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BBC: Chronic fatigue syndrome treatment 'should be withdrawn'

Discussion in 'General ME/CFS News' started by Eagles, May 8, 2018.

  1. Eagles

    Eagles Senior Member (Voting Rights)

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    Chronic fatigue syndrome treatment 'should be withdrawn'

    http://www.bbc.co.uk/news/newsbeat-44004882#

    A common treatment for chronic fatigue syndrome should be scrapped immediately, according to one of the UK's leading experts in the illness.

    Dr Charles Shepherd says graded exercise therapy (GET) can actually be harmful to some people.

    He argues the idea of getting patients to do increasing amounts of exercise can lead to serious relapses.

    Other health experts disagree and say GET is both proven and a safe method of treatment…
     
    Dolphin, alktipping, Woolie and 30 others like this.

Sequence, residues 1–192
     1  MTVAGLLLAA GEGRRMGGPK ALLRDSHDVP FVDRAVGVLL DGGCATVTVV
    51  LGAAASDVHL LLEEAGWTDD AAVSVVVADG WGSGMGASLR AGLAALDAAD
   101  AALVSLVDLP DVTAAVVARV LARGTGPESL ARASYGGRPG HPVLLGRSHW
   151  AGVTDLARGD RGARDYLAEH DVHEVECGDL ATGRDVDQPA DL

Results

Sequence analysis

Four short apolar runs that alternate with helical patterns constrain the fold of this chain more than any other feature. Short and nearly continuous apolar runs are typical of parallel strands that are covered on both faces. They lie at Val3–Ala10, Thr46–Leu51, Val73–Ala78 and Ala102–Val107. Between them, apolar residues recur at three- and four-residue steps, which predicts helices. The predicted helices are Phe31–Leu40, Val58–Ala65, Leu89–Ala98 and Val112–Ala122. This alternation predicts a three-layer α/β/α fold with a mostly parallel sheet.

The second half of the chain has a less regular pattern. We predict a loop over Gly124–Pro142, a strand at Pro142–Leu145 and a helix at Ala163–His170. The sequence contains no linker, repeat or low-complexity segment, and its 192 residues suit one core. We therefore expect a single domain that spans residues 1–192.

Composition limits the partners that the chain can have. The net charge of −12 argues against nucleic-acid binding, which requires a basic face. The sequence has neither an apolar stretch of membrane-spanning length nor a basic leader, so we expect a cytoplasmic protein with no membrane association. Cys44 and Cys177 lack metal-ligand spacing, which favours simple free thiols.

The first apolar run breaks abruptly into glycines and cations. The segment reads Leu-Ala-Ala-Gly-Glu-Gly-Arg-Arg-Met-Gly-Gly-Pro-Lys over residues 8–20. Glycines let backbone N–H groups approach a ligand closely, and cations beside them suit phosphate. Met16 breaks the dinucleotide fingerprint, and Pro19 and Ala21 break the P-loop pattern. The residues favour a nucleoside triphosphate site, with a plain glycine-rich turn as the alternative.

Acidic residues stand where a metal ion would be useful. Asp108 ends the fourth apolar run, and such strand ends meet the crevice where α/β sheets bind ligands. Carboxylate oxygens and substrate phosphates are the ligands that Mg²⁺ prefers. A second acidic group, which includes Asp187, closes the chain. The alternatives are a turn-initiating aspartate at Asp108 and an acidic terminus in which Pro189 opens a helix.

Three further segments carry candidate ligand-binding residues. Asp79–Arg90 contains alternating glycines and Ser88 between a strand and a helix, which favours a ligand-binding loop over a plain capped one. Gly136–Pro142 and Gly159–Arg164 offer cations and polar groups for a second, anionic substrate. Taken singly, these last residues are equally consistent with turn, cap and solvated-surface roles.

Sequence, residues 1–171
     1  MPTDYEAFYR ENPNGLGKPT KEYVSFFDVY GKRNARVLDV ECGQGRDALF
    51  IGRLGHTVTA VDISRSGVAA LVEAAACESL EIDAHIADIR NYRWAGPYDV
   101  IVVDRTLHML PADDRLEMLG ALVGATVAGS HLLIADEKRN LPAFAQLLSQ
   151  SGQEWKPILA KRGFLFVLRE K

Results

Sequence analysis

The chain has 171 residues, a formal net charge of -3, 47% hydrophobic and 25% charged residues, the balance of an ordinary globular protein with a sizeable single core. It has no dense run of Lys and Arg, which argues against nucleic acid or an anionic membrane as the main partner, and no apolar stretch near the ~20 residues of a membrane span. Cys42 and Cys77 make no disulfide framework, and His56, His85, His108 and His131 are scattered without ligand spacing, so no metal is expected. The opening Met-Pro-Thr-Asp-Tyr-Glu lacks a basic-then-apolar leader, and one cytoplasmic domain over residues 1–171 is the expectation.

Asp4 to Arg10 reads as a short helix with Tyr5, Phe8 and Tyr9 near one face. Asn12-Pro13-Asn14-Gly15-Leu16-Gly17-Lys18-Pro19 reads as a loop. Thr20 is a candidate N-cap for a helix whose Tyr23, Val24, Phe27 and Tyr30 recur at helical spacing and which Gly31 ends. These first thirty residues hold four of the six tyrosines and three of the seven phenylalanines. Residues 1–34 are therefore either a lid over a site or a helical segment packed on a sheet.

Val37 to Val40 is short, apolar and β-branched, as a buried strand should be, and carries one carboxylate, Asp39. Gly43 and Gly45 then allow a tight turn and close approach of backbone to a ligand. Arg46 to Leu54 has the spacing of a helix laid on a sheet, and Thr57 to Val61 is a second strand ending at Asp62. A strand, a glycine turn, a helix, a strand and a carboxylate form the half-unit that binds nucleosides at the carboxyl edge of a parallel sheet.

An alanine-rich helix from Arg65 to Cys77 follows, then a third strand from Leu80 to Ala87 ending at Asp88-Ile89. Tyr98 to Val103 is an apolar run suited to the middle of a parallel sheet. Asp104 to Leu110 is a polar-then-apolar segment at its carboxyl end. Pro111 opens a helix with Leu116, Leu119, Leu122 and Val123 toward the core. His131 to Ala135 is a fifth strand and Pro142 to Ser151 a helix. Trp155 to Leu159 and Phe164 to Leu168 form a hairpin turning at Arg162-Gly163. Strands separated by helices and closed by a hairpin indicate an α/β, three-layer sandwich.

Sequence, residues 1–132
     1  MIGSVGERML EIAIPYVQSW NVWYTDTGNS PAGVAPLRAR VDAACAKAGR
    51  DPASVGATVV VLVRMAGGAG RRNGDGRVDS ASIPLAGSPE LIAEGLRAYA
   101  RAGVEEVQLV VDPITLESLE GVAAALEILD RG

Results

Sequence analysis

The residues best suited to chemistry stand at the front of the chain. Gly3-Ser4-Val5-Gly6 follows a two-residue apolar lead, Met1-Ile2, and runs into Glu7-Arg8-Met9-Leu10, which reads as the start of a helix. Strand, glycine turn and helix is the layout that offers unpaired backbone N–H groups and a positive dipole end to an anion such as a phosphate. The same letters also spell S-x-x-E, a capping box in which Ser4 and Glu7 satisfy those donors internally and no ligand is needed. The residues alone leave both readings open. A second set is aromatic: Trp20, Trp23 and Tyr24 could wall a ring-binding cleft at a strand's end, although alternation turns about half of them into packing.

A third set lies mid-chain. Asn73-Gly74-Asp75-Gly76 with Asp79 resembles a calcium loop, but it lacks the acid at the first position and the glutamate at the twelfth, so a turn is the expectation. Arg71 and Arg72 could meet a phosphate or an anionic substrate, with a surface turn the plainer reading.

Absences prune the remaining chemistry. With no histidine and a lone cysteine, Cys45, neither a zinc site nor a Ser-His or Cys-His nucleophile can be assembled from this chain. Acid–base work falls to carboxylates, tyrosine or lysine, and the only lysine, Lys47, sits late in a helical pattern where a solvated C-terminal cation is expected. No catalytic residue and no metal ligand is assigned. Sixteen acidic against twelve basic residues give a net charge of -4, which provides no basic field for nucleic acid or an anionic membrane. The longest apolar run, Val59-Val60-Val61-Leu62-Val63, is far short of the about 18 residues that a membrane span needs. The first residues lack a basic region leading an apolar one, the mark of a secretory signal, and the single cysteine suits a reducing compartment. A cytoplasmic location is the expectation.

2. Andy

    Andy Committee Member & Outreach

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  3. Rick Sanchez

    Rick Sanchez Senior Member (Voting Rights)

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    I am pretty sure that people who have been wrong about ME/CFS constantly for the last 20 years should not be considered experts...
     
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  4. andypants

    andypants Senior Member (Voting Rights)

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    Why is it never mentioned that maybe we are looking at two different groups of patients?